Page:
**I’m Breaking my Oath as a Mathematician**

I’m going to do it! I’m going to break the hallowed math teacher’s oath and-like the rogue magicians-pull aside the veil and show you the secret to solving equations. Any equation. All equations.

This insight is rarely gained by the initiated since, by its very nature, math must be learned in pieces and then synthesized into a holistic understanding. Therefore, very few students are able to look across the entire K-16 math spectrum and see the golden thread that runs through all of the math courses that are arithmetic and algebra based.

But, in my own humble way (ahem), I’m going to show you that one common approach that helps you make sense out of solving equations.

Have I built this up enough yet? Do I have your attention so we can have that teachable moment? I hope so because here it comes (in caps, no less):

**WE SOLVE EQUATIONS BY USING OPPOSITE OPERATIONS TO “UNDO”**

That’s it! Keep in mind that some of the most profound insights at first seem simple, and maybe even obvious. So let’s unpack this, shall we?

**An Arithmetic Example**

First, let me illustrate by using arithmetic. Imagine I walk over to where you are sitting and I give you this thingamajig represented by the X:

Me ———————————–**X** You

This is equivalent to ADDING to you.

Now, if I want to “undo” what I just did, I would take it away and leave you empty handed:

Me **X** ———————————–You

This “taking away” is the same as subtracting.

Therefore, since subtraction “undoes” what addition did, subtraction and addition are paired opposite operations.

**An Algebra Example**

Let’s apply this reasoning now to algebra by starting with the following simple equation along with my comments:

X + 3 = 5 Focus on the X, that is the prize or the target-the thing we really want.

So here is X, minding its own business, and someone came along and added 3 to it.

We need to **UNDO** what was done.

Since something was added, we need to use the **OPPOSITE OPERATION** to **UNDO**

X + 3 – 3 = 5 – 3 Subtracting three **UNDOES** what was done and **WHATEVER WE DO TO ONE SIDE OF AN EQUATION WE MUST DO TO THE OTHER SIDE.**

X = 2 We are left with the X by itself on one side and the 2 on the other. So X must equal 2.

**A More Complicated Algebra Problem**

2X – 6 = 14 We’re going to use the same reasoning with this problem but adjust how we thing about it a little bit

Imagine that the X that we want is a Birthday present. Have you ever had someone tease you by wrapping the present and then

putting it in a box and wrapping it with new paper, etc.? When you begin the process of getting at your present, you have to take off the

outside paper first!

In this example, the 2 is paper that is close to your present and the 6 is paper that is farther away, on the outside. So the outside

paper (the 6) has to go first.

2X – 6 = 14 Since **WE SOLVE EQUATIONS BY USING OPPOSITE OPERATIONS TO UNDO**, we look at the 6 and see that it was subtracted.

Therefore, we must use the **OPPOSITE OPERATION** of addition to **UNDO**.

2X -6 + 6 = 14 + 6 Whatever we do to one side, we must do to the other. But keep in mind that our focus is on the present (the X).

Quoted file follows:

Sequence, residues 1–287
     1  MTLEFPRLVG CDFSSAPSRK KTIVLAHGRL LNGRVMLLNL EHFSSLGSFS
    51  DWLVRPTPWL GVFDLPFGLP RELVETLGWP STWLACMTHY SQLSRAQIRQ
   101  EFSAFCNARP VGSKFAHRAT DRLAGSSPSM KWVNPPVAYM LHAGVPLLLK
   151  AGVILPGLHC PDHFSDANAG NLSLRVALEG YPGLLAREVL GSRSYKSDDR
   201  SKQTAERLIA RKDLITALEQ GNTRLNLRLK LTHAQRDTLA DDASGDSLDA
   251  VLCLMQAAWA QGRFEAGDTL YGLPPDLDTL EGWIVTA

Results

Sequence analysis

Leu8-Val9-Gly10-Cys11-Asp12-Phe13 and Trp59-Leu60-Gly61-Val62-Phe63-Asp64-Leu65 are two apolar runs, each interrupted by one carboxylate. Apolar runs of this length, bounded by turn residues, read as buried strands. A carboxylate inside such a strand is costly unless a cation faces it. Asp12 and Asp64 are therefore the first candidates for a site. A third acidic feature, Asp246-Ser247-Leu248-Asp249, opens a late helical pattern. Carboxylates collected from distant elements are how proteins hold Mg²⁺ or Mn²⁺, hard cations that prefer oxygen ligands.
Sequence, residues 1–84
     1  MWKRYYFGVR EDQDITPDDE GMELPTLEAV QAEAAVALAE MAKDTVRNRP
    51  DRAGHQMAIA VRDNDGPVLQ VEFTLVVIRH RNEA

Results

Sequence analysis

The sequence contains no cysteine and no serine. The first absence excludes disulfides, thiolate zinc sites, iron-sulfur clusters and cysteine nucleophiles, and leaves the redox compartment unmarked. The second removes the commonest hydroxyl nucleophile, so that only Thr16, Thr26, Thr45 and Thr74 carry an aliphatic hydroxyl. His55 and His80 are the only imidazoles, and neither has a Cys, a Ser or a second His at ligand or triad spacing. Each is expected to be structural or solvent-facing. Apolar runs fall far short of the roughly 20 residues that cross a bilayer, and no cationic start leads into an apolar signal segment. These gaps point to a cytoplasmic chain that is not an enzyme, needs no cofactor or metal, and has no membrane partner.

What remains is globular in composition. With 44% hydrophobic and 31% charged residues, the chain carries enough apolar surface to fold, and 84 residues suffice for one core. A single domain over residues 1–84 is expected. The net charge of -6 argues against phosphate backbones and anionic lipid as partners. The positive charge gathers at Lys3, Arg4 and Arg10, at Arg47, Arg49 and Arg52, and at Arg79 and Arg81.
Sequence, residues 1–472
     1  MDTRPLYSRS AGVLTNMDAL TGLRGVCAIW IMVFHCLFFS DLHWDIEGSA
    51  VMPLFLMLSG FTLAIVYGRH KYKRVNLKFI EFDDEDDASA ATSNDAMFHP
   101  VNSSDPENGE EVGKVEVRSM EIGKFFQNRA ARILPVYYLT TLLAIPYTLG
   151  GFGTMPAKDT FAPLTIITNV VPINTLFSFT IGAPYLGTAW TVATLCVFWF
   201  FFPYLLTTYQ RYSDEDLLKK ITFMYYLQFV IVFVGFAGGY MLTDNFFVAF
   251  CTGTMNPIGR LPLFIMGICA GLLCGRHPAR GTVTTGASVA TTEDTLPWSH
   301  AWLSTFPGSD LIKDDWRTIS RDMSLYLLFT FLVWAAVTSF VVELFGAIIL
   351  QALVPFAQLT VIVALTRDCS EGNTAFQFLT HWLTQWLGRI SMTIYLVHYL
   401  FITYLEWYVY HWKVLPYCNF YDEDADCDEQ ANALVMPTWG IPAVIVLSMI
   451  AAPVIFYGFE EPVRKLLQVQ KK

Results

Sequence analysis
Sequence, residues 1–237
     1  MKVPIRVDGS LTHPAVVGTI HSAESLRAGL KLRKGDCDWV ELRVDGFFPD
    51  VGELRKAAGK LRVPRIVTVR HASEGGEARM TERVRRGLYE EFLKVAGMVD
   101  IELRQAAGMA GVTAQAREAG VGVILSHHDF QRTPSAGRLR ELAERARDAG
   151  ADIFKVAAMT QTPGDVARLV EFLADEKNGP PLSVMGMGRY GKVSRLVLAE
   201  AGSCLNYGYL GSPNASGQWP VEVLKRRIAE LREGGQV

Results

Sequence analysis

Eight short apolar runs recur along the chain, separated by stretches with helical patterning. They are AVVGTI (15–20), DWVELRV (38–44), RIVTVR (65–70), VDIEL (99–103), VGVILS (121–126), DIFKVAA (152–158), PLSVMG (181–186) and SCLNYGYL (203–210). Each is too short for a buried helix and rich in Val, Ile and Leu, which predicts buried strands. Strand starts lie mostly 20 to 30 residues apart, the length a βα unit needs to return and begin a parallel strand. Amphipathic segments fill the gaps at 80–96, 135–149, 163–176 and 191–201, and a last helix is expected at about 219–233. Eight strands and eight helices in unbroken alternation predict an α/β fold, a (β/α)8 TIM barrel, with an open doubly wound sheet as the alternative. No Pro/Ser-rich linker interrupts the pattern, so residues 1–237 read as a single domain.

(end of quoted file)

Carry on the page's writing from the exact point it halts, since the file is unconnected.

If you wanted to, you could even draw a line through the – 6 and the + 6 to show how adding 6 **UNDID** the subtracted 6.

2X = 20 Now you’ve unwrapped the “outer paper” and you’re ready to get rid of the “paper” that is closest to the present.

Since the 2 is multiplied times the X, you must use the **OPPOSITE OPERATION** to **UNDO**. You must divide both sides by 2 to **UNDO**.

2X = 20 Dividing by 2 **UNDOES** and **WHATEVER WE DO TO ONE SIDE OF AN EQUATION WE**

2 2 **MUST DO TO THE OTHER SIDE.**

X = 10 Since we are UNDOING, the two 2s on the left side cancel each other leaving us with X on the left side and 10 on the right and the

equation is solved.

**Another Example**

ex = 5 This is a more advanced equation and depends upon you knowing that logarithmic and exponential function are, in fact, **OPPOSITE**

to each other. Therefore, since what we see to the left is an exponential (see the little x raised into the exponent position?), we need

to use the OPPOSITE to UNDO and apply a logarithm to both sides.

ln ex = ln 5 Since I see the symbol e (the mathematical constant that is approximately *2.71828)* I’ll use the natural logarithm (ln) which is base e

to **UNDO**.

lne ex = ln 5 This is getting extremely hard to see in small type, but I know that when those two e’s are in place like we see to the left, that the

entire left side of the equation becomes X and the right side becomes 1.609 (ln 5).

So I recognized an exponential equation and used the **OPPOSITE** to **UNDO** and solve.

**It Just Goes On and On**

This truly is the golden thread that runs through equation solving. For example, differential calculus and integral calculus involve opposites. It all involves unwrapping the extras to get at the prize.

Keep in mind that this is a way of looking at equation solving from a holistic perspective. You still have to know quite a bit of the detail. But this holistic, overarching insight into algebra can help you pull the fragments together and make sense of how you can have a common approach to solving equations.

Happy algebraing!